The most provocative and polarizing film of the 2010 NYFF, French-Tunisian director Abdellatif Kechiche’s Black Venus takes us on an unsparing journey through the brief life of Saartjie “Sarah” Baartman, the indigenous South African woman infamously exhibited as the exotic “Hottentot Venus” in the traveling carnivals and bourgeois salons of 19th-century Europe. In a torrential performance, screen newcomer Yahima Torres (a native of Cuba who was working as a Spanish teacher when Kechiche cast her) brings Baartman to life in all her complexities and contradictions, particularly her relationships with the two men who alternately serve as her captors, enablers and impresarios—the Afrikaaner farmer Caezar and the larger-than-life bear tamer Réaux (the excellent Olivier Gourmet, star of the Dardenne brothers’ La Promesse and The Son). Shooting in long, brilliant handheld camera takes, Kechiche (The Secret of the Grain) puts the audience in the position of Baartman’s 19th-century voyeurs, making for a movie that is sometimes uncomfortable to watch and always impossible to forget as it puts an agonizingly human face on one of history’s senselessly exploited victims.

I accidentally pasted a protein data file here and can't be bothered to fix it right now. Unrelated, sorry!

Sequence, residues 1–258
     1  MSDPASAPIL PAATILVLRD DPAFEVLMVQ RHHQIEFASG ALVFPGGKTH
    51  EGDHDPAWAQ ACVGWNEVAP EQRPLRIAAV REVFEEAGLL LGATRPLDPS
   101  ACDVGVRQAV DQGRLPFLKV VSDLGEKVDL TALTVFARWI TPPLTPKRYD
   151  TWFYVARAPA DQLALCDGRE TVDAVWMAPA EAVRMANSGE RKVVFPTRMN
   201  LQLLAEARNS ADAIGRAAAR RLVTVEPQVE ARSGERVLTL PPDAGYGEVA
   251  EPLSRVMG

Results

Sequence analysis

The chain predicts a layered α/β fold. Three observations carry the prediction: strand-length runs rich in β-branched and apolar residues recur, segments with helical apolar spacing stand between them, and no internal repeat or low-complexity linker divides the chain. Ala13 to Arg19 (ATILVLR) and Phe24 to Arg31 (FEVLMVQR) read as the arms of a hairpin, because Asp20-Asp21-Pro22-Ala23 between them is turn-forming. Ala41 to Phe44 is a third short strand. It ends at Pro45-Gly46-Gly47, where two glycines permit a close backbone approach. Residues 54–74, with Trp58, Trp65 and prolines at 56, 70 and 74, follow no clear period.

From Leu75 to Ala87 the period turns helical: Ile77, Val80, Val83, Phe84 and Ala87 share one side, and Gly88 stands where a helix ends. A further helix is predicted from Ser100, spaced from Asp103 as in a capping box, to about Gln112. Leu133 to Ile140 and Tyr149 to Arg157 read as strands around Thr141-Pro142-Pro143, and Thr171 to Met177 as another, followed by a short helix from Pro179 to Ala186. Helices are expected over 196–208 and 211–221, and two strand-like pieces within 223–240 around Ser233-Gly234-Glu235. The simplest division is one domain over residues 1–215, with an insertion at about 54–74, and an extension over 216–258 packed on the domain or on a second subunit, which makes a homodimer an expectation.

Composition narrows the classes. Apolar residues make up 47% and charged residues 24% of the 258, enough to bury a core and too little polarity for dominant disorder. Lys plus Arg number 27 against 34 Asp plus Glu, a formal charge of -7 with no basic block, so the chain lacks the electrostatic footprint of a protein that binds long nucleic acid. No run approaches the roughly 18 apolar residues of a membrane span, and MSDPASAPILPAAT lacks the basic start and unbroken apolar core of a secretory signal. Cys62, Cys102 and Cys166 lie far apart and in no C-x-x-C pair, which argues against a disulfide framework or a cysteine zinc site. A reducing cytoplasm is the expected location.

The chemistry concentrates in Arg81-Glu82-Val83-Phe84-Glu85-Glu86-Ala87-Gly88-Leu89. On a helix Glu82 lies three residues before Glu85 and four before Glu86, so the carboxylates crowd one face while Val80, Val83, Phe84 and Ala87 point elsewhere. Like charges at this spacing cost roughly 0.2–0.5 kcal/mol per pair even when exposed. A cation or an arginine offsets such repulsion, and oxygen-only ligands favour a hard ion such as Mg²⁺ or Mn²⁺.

“Yahima Torres’s remarkably complex portrayal of the title character reveals not just a mute symbol of victimhood but also a woman capable of fierce defiance.” —NYFF48 program note

“Kechiche details this sad, slow erasure of dignity with an impassive eye, though not without compassion or empathy. And he has in Yahima Torrès an actress nearly as astute in expressing delicate female emotions under enormous stress as Maria Falconetti was in Dreyer's The Passion of Joan of Arc, another sobering chronicle of a martyr's persecution.” —Kenji Fujishima, The House Next Door